Sarkozy’s war on journalism

Is the French government resorting to increasingly repressive measures to silence the press?

Sarkozy to journalists: ‘Paedophile friends, see you tomorrow!’ [EPA]

France’s Nicolas Sarkozy is not known for his self-control, but calling journalists paedophiles is, arguably, a new low.

The comments, reported by the magazine L’Express on Monday, were an apparent attempt at irony by the French president, in response to a journalist who had asked about his role in allegedly overseeing illegal kickbacks in the Karachi affair. He was criticising the media’s use of secret sources and what he sees as a willingness to report on political scandals without proper verification:

“You’re a paedophile, I’m deeply convinced of it, I’ve seen the secret services but I won’t say which ones, I saw someone but I won’t say who it is, and it was verbal. But I’m deeply convinced you’re a paedophile!”

After the briefing, the Elysée tried to insist the comments were off-the-record, no doubt realising that the joke could be understood in a different light by journalists.

Given a string of suspicious burglaries targeting French reporters working on politically-loaded investigations, not to mention allegations that Sarkozy has personally given the order for journalists to be spied upon, his comic timing could be considered a little off.

The most recent robbery was on Saturday night, at the offices of the leftwing Rue89 news website in Paris. Whether or not the theft of around 20 computers is linked to three other burglaries involving media organisations is not yet clear.

Coming in the context of what Reporters Without Borders (RWB) has called a war on investigative journalism, however, the latest incident can only fuel suspicions that the government is resorting to increasingly repressive methods to silence the press.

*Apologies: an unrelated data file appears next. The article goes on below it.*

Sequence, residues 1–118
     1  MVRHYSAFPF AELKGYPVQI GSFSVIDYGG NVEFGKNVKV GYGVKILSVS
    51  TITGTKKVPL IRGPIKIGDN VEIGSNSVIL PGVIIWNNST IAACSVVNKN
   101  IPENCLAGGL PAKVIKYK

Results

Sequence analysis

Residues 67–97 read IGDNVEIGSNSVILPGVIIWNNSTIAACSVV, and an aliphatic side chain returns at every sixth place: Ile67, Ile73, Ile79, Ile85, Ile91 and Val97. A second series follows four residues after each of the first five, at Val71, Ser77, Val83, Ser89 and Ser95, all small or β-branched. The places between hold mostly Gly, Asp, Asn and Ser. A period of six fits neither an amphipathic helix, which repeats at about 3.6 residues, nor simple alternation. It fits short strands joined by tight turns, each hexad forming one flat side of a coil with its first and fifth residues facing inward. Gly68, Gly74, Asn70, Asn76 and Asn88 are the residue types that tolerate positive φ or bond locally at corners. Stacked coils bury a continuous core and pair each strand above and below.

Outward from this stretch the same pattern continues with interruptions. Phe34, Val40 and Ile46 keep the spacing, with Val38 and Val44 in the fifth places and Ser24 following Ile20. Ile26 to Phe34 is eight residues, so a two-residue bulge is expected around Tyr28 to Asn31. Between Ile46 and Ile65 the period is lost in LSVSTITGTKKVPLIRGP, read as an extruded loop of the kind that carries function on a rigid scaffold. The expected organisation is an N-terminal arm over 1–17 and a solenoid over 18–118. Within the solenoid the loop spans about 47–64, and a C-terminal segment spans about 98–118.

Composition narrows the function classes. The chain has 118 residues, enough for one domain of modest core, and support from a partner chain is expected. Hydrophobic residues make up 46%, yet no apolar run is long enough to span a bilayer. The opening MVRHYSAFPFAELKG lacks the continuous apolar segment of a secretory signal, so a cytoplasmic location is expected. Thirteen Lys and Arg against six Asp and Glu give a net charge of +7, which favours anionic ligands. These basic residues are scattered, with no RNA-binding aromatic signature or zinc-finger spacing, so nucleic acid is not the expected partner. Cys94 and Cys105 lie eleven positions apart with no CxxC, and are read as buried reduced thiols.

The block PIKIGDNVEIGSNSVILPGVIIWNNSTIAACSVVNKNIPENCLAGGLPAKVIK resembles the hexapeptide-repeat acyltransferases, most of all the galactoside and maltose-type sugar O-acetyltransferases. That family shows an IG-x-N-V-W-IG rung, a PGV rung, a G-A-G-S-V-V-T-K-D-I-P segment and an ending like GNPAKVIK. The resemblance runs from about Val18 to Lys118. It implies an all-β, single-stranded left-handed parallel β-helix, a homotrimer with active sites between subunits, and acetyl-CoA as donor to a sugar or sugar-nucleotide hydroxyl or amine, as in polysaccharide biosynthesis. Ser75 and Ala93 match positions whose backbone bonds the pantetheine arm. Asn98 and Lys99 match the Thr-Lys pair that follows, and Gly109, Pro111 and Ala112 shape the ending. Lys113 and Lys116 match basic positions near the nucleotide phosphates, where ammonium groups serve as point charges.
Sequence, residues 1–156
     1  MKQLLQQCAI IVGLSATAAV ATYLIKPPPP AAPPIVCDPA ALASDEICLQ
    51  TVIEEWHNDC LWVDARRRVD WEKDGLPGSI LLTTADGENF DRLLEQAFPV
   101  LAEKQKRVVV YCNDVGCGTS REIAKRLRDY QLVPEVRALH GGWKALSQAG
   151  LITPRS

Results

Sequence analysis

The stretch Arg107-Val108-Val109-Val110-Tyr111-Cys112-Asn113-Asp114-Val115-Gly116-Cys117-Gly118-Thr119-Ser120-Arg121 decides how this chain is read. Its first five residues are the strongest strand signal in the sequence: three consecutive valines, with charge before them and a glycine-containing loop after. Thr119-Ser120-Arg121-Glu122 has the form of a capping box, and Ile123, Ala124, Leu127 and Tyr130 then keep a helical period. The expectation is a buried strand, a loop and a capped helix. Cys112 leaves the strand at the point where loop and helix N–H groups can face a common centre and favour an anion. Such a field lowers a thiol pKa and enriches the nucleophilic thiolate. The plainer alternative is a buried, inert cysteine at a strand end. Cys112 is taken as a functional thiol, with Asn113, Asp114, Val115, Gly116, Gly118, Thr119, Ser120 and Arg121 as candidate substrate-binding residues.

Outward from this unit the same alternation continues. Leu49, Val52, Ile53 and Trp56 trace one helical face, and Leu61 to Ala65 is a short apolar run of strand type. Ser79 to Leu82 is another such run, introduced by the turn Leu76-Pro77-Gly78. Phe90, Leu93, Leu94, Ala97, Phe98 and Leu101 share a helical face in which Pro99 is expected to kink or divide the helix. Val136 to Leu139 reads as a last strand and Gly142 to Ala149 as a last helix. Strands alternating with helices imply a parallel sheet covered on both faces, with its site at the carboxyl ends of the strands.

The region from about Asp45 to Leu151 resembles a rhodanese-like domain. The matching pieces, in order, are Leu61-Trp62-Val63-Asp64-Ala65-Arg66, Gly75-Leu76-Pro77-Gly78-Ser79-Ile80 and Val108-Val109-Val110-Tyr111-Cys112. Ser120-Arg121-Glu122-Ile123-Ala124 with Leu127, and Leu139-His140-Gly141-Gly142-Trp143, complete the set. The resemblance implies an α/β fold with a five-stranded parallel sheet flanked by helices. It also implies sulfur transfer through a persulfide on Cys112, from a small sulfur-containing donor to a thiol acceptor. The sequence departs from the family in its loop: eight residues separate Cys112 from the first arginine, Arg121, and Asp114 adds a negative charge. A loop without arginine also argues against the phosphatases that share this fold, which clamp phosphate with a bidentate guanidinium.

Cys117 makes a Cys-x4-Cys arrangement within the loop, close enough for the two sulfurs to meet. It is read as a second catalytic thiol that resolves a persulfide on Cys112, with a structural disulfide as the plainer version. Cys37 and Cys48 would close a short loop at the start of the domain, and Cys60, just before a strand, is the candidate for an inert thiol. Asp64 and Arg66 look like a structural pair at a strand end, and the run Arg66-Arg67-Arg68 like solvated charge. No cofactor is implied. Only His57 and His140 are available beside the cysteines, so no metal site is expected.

The puppet master

In September, the daily newspaper Le Monde accused the Elysée of illegally spying on it to uncover an anonymous source who was leaking information to Gérard Davet, its journalist investigating the Bettencourt-Woerth illegal campaign financing case.

Then came the theft of Davet’s computer and a GPS device which stored a record of his movements from his home. The computer of Hervé Gattegno, a journalist for Le Point magazine was stolen on the same night, October 21. Earlier that month, two laptops and CDs had been stolen from the offices of Mediapart, another online news organisation.

“It is a paradox that France is using methods which were the monopoly of authoritarian regimes, until now”

Pierre Haski, the editor-in-chief of Rue89

All the stolen material belonged to journalists working on either the Karachi or the Bettencourt-Woerth cases.

France’s powerful domestic counterintelligence agency, the Central Directorate for Internal Intelligence (DCRI), stands accused of obtaining the phone records of David Sénat, an advisor to the justice minister, who the authorities suspect of leaking information to Le Monde.

Sénat has since been exiled, Soviet-style, to French Guyana.
Le Monde has filed charges for a breech of its right to protect its sources, while Sénat is launching his own judicial attack on Brice Hortefeux, the interior minister.